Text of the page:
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More than $350 million is up for grabs for health care organizations aiming to create innovative care models that provide better care for less money, and in early July, the Department of Health and Human Services announced the latest round of prospective recipients.
They included several hospitals with ideas that make transitions seamless, unplanned readmissions needless, or care in remote areas more accessible. Awards range from $2 million to $24 million and will be distributed over three years. Final notices for awardees will be sent later this year. (For more details on the project, visit http://innovation.cms.gov/initiatives/Health-Care-Innovation-Awards/Round-2.html.)
The prospective awardee programs include the following:
• Boston Medical Center — $6.1 million. The project "will test a Collaborative Care Coordination and Consultative Model for Complex Kids" that "pairs Complex Care Nurse Care Coordinators and Pediatricians...with pediatricians in the community to enhance and improve the care delivered to children with medical complexity in local medical home-like settings," according to CMS.
• Catholic Health Initiatives Iowa Corp., DBA Mercy Medical Center Des Moines — $10.2 million. Testing "a model to transition a network of rural critical access hospitals to value-based care through improved chronic disease management, increased clinical-community integration and lean’ process improvement initiatives," according to CMS.
• Detroit Medical Center, Vanguard Health Systems — $10 million. Testing a proposal "that would make primary care immediately available to individuals who arrive at 4 major inner city Emergency Departments for non-urgent care by establishing adjacent patient-centered medical home clinics. The initial focus will be on improving the care provided to patients with diabetes or asthma, and Emergency Department super-utilizers’ who have 10 or more visits annually. Medicaid fee-for-service beneficiaries will be the dominant target population. The program will expand to include patients with hypertension, congestive heart failure, chronic obstructive pulmonary disease, HIV, and depression. The design is based on the Nuka model in Alaska," according to CMS.
• Four Seasons Compassion for Life — $9.6 million. This North Carolina-based project, titled Increasing patient and system value with community-based palliative care, "will test a new model for community-based palliative care (in conjunction with Duke University), which spans inpatient and outpatient settings," according to CMS. "The model features interdisciplinary collaboration and the integration of palliative care into the health care system, continuity of care across transitions, and longitudinal, individualized support for patients and families. This expands upon a successful program in four Western North Carolina counties to include an additional ten counties."
• National Association Of Children’s Hospitals And Related Institutions — $23.2 million. Testing "Coordinating All Resources Effectively (CARE) for children with medical complexity (CMC), which aims to inform sustainable change in health care delivery through new payment models supporting improved care and reduced costs for CMC... This model aims to improve care and reduce overall health care expenditures for CMC by 1) creating a medically appropriate tiered system of care so that CMC of varying needs are cared for in the most appropriate settings to meet patient and family needs while lowering costs, 2) designing a payment system that will both sustain these programs and provide sufficient flexibility so that services will meet patient and family needs and 3) creating a learning system so that programs and payers across the country serving this population can rapidly learn from each other to improve care and design and implement effective payment models," according to CMS.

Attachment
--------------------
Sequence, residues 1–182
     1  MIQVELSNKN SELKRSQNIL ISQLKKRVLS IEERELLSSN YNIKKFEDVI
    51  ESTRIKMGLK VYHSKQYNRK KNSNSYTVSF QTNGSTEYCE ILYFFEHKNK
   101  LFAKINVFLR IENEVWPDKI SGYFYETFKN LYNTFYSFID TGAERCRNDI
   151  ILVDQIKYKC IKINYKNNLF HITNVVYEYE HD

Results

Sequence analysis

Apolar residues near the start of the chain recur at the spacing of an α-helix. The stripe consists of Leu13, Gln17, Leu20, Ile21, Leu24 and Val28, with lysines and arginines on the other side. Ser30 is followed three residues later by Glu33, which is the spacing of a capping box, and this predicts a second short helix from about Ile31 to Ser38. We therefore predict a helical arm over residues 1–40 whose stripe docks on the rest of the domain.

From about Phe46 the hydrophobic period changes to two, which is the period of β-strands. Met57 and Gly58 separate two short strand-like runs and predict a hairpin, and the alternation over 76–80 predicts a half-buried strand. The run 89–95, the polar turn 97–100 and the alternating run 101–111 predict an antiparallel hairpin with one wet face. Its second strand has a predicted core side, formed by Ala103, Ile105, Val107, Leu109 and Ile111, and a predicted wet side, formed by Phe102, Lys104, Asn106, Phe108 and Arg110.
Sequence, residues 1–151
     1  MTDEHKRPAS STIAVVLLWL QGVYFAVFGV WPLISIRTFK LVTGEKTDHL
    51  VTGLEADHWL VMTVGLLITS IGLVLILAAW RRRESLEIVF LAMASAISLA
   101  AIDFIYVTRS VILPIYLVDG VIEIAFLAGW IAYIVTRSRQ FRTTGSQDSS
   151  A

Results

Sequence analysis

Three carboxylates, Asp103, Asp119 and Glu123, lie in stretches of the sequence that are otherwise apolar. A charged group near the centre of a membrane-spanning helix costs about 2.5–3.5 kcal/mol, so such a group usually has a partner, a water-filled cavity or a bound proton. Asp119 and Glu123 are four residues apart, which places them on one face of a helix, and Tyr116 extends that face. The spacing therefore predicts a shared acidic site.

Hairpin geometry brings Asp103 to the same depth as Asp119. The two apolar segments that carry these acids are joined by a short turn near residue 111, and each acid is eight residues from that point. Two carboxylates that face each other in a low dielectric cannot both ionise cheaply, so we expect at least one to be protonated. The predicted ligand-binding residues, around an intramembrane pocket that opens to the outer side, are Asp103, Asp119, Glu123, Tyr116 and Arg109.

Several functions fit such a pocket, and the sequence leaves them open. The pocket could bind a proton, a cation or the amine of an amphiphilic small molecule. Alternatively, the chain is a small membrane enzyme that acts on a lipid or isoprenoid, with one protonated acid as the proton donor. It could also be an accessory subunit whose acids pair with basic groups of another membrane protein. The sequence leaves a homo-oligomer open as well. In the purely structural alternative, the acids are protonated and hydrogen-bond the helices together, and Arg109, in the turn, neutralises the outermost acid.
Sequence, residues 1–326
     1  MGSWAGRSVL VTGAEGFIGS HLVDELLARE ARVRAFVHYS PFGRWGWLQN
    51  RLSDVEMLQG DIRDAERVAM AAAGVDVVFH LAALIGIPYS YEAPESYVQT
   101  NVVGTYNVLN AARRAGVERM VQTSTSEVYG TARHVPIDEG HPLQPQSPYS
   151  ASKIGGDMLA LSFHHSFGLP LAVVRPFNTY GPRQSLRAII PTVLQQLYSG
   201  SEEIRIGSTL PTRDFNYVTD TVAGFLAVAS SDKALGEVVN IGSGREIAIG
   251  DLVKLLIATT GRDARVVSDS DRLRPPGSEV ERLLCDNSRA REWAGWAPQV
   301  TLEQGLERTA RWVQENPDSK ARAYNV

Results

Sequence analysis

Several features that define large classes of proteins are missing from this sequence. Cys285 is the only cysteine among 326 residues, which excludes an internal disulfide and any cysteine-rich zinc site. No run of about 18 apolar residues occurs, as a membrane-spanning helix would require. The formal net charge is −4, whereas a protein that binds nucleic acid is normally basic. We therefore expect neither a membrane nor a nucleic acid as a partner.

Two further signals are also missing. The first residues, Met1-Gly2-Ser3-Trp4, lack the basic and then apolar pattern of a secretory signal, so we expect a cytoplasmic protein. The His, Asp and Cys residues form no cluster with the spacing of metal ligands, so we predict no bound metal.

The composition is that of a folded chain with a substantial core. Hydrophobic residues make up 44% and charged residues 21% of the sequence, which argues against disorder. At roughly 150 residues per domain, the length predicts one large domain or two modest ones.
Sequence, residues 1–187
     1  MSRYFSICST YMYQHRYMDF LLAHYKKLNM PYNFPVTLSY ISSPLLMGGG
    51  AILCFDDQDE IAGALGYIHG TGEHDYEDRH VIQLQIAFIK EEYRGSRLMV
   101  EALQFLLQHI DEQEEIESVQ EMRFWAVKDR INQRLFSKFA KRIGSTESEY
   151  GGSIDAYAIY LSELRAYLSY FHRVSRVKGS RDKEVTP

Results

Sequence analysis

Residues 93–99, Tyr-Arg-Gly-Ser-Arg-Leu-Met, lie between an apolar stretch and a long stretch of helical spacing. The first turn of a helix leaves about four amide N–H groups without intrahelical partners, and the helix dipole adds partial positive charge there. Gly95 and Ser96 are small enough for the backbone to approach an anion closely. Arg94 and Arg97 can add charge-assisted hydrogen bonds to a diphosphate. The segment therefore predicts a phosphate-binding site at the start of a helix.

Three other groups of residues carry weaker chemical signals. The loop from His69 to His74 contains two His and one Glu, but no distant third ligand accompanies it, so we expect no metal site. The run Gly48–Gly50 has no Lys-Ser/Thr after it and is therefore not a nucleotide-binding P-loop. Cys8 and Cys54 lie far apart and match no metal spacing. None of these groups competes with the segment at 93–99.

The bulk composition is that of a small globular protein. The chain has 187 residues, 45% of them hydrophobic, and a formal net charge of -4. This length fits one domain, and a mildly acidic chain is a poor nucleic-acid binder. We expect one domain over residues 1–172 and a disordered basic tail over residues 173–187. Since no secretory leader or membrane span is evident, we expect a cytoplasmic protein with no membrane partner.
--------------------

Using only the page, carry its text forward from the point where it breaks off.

• The Nebraska Medical Center — $10 million. Testing the Remote Interventions Improving Specialty Complex Care (RIISCC) model, which uses "remote patient monitoring for 90 days post-discharge with telehealth consultations for participants at one of two community health centers located within the target geographic areas," according to CMS.
• New York City Health And Hospitals Corporation — $17.9 million. Expanding a current pilot program, this ED care management model "utilizes a multi-disciplinary team that will comprehensively assess patients who present in the emergency department for an ambulatory-care sensitive condition (ACSC), create a care plan that would avoid an unnecessary hospitalization, and provide ongoing support after discharge, including medication management, education, and linkages with primary care providers. The program will operate in 6 hospitals," according to CMS.
• Regents Of The University Of Michigan — $6.4 million. The project "will implement the Michigan Surgical and Health Optimization Program (MSHOP), which focuses on real-time risk stratification and peri-operative optimization for patients undergoing abdominal surgery," according to CMS.
• Seattle Children’s Hospital — $5.5 million. Testing implementation of "Pediatric Partners in Care (PPIC), which aims to provide a tiered set of community-based care management services to participating children, their families, and their primary care providers," according to CMS.
• University Of New Mexico Health Science Center — $15.1 million. Expanding the "existing telehealth infrastructure (11 hospitals) to form a statewide 30 hospital telehealth system (THS). In conjunction with Net Medical Xpress Solutions, the model test will provide remote emergency neurological consultation using inexpensive audiovisual equipment and software," according to CMS.
A full list of the Health Care Innovation Award round two project profiles is included in this PDF: http://innovation.cms.gov/Files/x/HCIATwoPrjProCombined.pdf